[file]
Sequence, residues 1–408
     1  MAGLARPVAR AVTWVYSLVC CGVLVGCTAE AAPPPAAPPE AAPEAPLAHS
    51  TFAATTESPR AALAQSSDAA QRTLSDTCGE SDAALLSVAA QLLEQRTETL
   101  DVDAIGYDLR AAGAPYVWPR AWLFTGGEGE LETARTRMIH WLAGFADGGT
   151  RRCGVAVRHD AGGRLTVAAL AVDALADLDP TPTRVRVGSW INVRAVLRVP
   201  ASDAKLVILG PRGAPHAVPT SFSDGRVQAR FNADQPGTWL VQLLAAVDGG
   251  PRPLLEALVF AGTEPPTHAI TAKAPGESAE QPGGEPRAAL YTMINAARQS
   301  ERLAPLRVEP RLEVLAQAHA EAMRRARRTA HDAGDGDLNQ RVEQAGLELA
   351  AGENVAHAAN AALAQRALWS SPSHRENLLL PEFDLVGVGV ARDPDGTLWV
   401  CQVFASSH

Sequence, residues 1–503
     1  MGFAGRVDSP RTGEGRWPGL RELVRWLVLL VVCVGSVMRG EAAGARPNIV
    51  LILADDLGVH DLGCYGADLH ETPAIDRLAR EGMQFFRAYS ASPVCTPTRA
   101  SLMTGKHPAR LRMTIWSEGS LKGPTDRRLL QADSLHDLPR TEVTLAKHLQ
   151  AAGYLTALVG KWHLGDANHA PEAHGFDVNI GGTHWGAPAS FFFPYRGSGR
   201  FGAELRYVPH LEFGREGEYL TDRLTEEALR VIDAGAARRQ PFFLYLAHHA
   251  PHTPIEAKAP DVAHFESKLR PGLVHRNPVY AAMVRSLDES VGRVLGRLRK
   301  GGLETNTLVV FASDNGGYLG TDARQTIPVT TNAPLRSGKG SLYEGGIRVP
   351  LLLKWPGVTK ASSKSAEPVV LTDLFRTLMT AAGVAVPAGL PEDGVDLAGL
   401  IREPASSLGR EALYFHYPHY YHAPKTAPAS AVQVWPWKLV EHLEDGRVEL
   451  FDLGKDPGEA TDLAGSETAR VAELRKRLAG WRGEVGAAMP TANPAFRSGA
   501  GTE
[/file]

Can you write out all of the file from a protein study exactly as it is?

Sequence, residues 1–408
     1  MAGLARPVAR AVTWVYSLVC CGVLVGCTAE AAPPPAAPPE AAPEAPLAHS
    51  TFAATTESPR AALAQSSDAA QRTLSDTCGE SDAALLSVAA QLLEQRTETL
   101  DVDAIGYDLR AAGAPYVWPR AWLFTGGEGE LETARTRMIH WLAGFADGGT
   151  RRCGVAVRHD AGGRLTVAAL AVDALADLDP TPTRVRVGSW INVRAVLRVP
   201  ASDAKLVILG PRGAPHAVPT SFSDGRVQAR FNADQPGTWL VQLLAAVDGG
   251  PRPLLEALVF AGTEPPTHAI TAKAPGESAE QPGGEPRAAL YTMINAARQS
   301  ERLAPLRVEP RLEVLAQAHA EAMRRARRTA HDAGDGDLNQ RVEQAGLELA
   351  AGENVAHAAN AALAQRALWS SPSHRENLLL PEFDLVGVGV ARDPDGTLWV
   401  CQVFASSH

Sequence, residues 1–503
     1  MGFAGRVDSP RTGEGRWPGL RELVRWLVLL VVCVGSVMRG EAAGARPNIV
    51  LILADDLGVH DLGCYGADLH ETPAIDRLAR EGMQFFRAYS ASPVCTPTRA
   101  SLMTGKHPAR LRMTIWSEGS LKGPTDRRLL QADSLHDLPR TEVTLAKHLQ
   151  AAGYLTALVG KWHLGDANHA PEAHGFDVNI GGTHWGAPAS FFFPYRGSGR
   201  FGAELRYVPH LEFGREGEYL TDRLTEEALR VIDAGAARRQ PFFLYLAHHA
   251  PHTPIEAKAP DVAHFESKLR PGLVHRNPVY AAMVRSLDES VGRVLGRLRK
   301  GGLETNTLVV FASDNGGYLG TDARQTIPVT TNAPLRSGKG SLYEGGIRVP
   351  LLLKWPGVTK ASSKSAEPVV LTDLFRTLMT AAGVAVPAGL PEDGVDLAGL
   401  IREPASSLGR EALYFHYPHY YHAPKTAPAS AVQVWPWKLV EHLEDGRVEL
   451  FDLGKDPGEA TDLAGSETAR VAELRKRLAG WRGEVGAAMP TANPAFRSGA
   501  GTE